Participant ratings of scans were categorised into four groups [30,31,32]. Group 1 (very disorganised) consisted of all scans with a median rating of 1 to 3. Group 2 (somewhat disorganised) consisted of all median ratings from 4 to 5. Group 3 (somewhat organised) consisted of all median ratings from 6 to 7. Group 4 (very organised) consisted of all median ratings from 8 to 10 (Fig. 2). The Cronbach’s alpha and Krippendorf’s alpha were calculated using the original raw scores from individual raters for each scan.


Results of descriptive analysis

The median (m = 5) and interquartile range (IQR = 4) of the total ratings were calculated (range = 1–10), as well as for each group (Table 2 and Fig. 3).

Table 2 Inter-rater reliability scores for all data and sub-groups
Fig. 3
figure 3

Box-plots of all ratings, and ratings for each sub-group. Boxplots for total scores of the ratings (899 decisions) and ratings for each sub-group. Central tendency is the median, distribution is the interquartile range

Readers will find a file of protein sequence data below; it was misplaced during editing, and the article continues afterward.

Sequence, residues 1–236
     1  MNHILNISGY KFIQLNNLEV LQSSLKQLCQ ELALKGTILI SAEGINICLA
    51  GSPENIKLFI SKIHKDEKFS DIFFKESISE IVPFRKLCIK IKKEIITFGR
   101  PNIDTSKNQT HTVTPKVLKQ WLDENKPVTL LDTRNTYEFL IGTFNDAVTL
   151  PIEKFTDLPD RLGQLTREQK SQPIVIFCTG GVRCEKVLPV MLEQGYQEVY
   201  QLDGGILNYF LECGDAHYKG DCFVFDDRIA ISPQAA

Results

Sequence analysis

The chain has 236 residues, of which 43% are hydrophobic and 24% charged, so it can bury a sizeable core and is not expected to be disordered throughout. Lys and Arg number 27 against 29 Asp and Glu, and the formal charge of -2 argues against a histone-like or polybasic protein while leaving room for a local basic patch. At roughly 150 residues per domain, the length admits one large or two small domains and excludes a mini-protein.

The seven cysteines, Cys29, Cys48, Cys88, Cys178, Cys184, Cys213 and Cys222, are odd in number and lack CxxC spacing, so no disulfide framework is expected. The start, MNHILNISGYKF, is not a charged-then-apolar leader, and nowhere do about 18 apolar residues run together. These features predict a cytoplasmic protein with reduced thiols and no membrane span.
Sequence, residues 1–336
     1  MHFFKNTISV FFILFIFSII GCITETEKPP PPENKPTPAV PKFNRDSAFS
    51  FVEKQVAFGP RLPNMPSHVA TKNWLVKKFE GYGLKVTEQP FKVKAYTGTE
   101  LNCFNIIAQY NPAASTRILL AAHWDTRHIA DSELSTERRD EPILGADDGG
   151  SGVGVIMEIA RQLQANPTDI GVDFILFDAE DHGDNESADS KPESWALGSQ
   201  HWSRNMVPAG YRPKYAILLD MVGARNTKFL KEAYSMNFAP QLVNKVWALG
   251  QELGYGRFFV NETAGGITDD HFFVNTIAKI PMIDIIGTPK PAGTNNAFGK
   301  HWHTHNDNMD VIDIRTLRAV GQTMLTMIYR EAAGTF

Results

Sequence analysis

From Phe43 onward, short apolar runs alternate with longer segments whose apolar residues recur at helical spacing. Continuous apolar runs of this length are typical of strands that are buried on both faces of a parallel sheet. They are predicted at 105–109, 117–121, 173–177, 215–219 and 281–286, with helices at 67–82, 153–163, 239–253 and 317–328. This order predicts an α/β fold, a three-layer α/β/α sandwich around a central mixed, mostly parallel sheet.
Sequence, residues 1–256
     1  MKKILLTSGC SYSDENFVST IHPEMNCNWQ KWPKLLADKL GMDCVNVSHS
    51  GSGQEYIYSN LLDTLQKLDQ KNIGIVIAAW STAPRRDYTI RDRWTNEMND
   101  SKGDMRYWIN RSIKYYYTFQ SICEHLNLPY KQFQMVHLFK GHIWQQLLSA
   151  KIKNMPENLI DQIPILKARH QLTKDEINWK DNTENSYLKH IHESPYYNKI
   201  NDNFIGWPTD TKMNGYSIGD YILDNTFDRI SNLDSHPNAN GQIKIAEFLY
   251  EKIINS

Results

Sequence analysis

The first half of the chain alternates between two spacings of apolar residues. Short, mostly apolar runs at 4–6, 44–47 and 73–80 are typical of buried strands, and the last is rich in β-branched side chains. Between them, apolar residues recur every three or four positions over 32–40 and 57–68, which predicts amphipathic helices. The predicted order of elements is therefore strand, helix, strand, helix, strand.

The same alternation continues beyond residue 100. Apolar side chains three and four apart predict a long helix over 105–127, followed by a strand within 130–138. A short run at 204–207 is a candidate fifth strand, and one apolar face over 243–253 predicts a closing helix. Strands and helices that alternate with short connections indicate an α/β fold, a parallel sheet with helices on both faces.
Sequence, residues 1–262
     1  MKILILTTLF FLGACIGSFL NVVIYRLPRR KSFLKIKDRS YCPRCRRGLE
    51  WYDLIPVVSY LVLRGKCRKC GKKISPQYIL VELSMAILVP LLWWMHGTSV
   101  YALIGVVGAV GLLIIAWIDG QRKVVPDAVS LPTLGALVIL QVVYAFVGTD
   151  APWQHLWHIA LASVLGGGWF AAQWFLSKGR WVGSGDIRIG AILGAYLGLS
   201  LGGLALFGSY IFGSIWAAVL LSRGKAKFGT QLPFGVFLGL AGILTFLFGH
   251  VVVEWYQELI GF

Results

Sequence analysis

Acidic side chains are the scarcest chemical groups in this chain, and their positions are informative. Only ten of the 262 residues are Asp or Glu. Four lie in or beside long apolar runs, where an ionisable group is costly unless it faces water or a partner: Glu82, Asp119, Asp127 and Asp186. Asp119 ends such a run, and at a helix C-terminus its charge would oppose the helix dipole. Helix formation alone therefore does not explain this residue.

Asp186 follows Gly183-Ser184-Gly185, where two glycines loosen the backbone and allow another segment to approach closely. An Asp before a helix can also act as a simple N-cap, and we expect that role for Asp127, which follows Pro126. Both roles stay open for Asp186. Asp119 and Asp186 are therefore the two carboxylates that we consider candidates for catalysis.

Results of inter-rater reliability analysis

All participants assessed all scans, except one participant who did not complete one rating. The Cronbach’s alpha was 0.98, which is considered excellent according to the Landis and Koch criteria [33]. Observers without ultrasound imaging experience scored a Cronbach’s alpha = 0.96, observers with ultrasound imaging experience scored a Cronbach’s alpha = 0.95, both in the excellent range. Scores between 4 sub-groups are reported in Table 2. The Krippendorff’s alpha for ordinal measures was .61, with an error variance of 0.63, indicating a modest degree of agreement.


In this study we found that medical practitioners agree on different morphological features in ultrasound images of thoracolumbar fascia such as levels of organisation and disorganisation. This agreement is independent of experience in ultrasound image rating. We found that the knowledge gap between musculoskeletal (MSK)-trained radiologists, MSK-trained medical doctors and physiotherapists on the one hand, and clinicians untrained and inexperienced in MSK ultrasound, did not affect the inter-observer agreement.